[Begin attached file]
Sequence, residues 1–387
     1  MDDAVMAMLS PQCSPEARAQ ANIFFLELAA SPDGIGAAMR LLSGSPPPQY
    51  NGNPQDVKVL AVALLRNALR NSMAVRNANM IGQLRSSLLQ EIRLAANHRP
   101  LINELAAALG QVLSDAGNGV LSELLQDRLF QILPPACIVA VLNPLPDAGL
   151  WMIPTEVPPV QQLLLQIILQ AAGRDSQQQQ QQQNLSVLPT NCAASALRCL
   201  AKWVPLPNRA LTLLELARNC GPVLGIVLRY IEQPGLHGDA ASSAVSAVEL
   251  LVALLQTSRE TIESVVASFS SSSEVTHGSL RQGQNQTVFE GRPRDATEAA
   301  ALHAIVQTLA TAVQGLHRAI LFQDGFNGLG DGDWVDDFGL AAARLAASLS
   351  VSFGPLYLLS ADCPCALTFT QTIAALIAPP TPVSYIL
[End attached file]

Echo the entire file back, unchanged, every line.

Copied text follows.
Sequence, residues 1–387
     1  MDDAVMAMLS PQCSPEARAQ ANIFFLELAA SPDGIGAAMR LLSGSPPPQY
    51  NGNPQDVKVL AVALLRNALR NSMAVRNANM IGQLRSSLLQ EIRLAANHRP
   101  LINELAAALG QVLSDAGNGV LSELLQDRLF QILPPACIVA VLNPLPDAGL
   151  WMIPTEVPPV QQLLLQIILQ AAGRDSQQQQ QQQNLSVLPT NCAASALRCL
   201  AKWVPLPNRA LTLLELARNC GPVLGIVLRY IEQPGLHGDA ASSAVSAVEL
   251  LVALLQTSRE TIESVVASFS SSSEVTHGSL RQGQNQTVFE GRPRDATEAA
   301  ALHAIVQTLA TAVQGLHRAI LFQDGFNGLG DGDWVDDFGL AAARLAASLS
   351  VSFGPLYLLS ADCPCALTFT QTIAALIAPP TPVSYIL